Keep checking our technique pages, as I post the simple skills that
will get you taking great shots in no time at all.
I have condensed these tips and tricks down from years of coaching beginners
to shoot underwater with the minimum of fuss or flannel.
Lots of the creatures we encounter in our underwater travels, appeal to us on a variety of levels.
Sometimes we take a shot because we want to be as accurate as possible in showing the creature exactly as it is. Oftentimes though I will find a subject appealing on a whole other different level, and I want to show the creature more like I envisage it in my minds eye, rather than as a factual representation.
This was just the case when I found this Orang Utang Crab in Indonesia.
I can't help finding them amusing and they invariably make me smile, so this time I could see in my minds eye how I wanted the end result to be. I wanted to try and give the wee orange beasty a character of sorts. So to this end I shot the picture. For the first shot I tried to shoot it as whole as I could and lit it with fairly even lighting.
And this is the result below, which is ok'ish but I really wanted something more dramatic..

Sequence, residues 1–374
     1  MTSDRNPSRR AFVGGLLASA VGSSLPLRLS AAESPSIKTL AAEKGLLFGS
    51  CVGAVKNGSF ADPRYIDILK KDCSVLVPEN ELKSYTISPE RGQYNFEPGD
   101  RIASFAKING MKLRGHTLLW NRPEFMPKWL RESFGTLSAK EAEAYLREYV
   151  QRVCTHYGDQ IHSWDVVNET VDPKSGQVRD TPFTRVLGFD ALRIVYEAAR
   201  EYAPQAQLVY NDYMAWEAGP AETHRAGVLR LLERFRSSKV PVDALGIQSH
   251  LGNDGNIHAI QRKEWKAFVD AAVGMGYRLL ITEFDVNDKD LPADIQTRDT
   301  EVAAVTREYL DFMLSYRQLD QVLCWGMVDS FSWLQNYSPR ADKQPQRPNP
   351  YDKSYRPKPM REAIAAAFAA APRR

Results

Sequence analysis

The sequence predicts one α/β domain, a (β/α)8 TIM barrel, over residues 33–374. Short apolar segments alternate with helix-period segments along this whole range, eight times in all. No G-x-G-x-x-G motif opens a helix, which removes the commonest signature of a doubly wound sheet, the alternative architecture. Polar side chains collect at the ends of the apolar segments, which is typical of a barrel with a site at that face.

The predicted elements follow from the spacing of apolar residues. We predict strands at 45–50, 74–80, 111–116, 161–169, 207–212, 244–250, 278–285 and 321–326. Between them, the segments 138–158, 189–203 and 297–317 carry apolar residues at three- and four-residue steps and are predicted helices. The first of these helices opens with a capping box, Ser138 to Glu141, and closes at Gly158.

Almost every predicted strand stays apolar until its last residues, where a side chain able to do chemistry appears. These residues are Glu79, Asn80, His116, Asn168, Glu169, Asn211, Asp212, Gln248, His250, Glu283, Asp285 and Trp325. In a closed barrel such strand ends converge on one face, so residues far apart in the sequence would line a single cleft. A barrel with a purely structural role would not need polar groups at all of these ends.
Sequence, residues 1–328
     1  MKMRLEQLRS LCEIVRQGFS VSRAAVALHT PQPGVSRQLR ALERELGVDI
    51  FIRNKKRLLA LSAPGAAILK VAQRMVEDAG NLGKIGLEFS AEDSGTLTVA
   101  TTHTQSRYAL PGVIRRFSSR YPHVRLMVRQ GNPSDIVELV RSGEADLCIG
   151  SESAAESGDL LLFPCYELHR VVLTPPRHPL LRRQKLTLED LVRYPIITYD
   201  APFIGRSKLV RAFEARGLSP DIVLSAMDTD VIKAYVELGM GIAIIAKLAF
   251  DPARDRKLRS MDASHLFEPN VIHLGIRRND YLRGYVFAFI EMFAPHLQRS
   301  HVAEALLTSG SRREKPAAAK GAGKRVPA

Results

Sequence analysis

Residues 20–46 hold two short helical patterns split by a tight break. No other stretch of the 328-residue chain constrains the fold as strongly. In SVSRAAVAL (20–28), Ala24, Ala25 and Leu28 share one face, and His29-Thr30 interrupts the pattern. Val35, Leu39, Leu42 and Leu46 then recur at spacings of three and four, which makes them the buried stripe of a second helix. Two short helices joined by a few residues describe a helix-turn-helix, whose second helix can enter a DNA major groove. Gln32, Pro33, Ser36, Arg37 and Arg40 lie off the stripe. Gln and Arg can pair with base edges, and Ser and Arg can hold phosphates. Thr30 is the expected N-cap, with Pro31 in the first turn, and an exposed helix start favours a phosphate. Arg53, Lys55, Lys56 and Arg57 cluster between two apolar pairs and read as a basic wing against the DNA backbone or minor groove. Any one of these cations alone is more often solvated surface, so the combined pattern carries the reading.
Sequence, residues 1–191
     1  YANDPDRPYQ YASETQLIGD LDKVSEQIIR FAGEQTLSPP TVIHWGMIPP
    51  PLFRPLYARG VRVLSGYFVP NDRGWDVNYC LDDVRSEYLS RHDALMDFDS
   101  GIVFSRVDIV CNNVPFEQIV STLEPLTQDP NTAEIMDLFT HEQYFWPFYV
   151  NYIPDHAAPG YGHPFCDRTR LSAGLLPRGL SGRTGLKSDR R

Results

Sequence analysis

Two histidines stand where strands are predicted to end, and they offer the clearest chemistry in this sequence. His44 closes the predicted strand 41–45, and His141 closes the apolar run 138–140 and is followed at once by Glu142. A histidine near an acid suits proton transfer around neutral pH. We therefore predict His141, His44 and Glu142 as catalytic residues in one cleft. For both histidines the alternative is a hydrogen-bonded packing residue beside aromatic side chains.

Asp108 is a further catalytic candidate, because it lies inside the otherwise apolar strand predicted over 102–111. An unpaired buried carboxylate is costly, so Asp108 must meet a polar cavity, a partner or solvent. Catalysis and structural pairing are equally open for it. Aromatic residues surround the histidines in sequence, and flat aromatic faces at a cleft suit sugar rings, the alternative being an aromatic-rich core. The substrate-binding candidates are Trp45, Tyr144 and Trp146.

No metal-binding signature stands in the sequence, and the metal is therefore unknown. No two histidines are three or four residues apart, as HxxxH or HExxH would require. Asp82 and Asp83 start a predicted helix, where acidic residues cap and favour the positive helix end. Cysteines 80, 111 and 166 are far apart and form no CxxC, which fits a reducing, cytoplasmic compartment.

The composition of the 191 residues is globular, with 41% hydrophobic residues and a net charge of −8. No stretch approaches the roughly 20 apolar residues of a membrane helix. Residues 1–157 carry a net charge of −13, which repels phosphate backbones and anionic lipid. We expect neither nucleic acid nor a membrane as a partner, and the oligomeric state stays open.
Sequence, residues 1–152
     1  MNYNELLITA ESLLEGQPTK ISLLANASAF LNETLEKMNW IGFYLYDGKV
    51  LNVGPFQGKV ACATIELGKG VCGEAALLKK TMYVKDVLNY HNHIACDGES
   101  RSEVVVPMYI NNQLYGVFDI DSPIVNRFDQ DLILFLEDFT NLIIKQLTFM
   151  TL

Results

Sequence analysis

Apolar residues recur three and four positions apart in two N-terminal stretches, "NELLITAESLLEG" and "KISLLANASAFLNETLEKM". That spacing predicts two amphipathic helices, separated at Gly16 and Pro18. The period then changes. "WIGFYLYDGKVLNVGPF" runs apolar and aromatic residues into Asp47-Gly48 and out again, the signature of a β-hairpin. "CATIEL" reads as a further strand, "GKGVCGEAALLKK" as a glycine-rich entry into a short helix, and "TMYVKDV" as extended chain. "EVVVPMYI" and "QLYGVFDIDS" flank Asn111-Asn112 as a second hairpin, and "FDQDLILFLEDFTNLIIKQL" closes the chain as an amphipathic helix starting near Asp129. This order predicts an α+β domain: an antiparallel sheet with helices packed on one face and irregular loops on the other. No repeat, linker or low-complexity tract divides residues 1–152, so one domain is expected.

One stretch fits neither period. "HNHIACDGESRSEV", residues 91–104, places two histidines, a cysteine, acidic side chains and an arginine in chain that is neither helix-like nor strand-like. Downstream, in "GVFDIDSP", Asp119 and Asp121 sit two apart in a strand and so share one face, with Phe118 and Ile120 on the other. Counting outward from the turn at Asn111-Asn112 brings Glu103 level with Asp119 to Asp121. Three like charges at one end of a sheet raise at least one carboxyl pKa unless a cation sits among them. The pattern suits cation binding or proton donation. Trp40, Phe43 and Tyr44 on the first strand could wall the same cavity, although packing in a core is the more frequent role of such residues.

An amusing, to me anyway, Orang Utang Crab. A fairly standard fish ID shot.
So I opted to get in a whole lot closer and experiment with backlighting it a little, with half a mind on creating a snoot effect within the editing process too. I will regularly shoot with the edit in mind, and often consider this to be an important part of the proceedings. I know this causes a lot of you to gnash your teeth, and complain about not getting it right in camera etc. Unfortunately though I have often seen photographers trying to get it right in camera showing scant regard for the environment, and using snoots without any care and attention. This is not to suggest everyone does this, but if you can easily get a snooted effect in post processing, without laying all over the reef then why not? So here is a medley of shots of the same critter taken from different viewpoints and framing positions. And then finished off and edited from within Adobe Lightroom. Lighting and Editing for character.
Here I've tried to light and edit for effect, to try and highlight the character of the funny little critter!
I'm not 100% sure I've managed to show how amusing this hairy crustacean looked! but at least the only things moved about were pixels.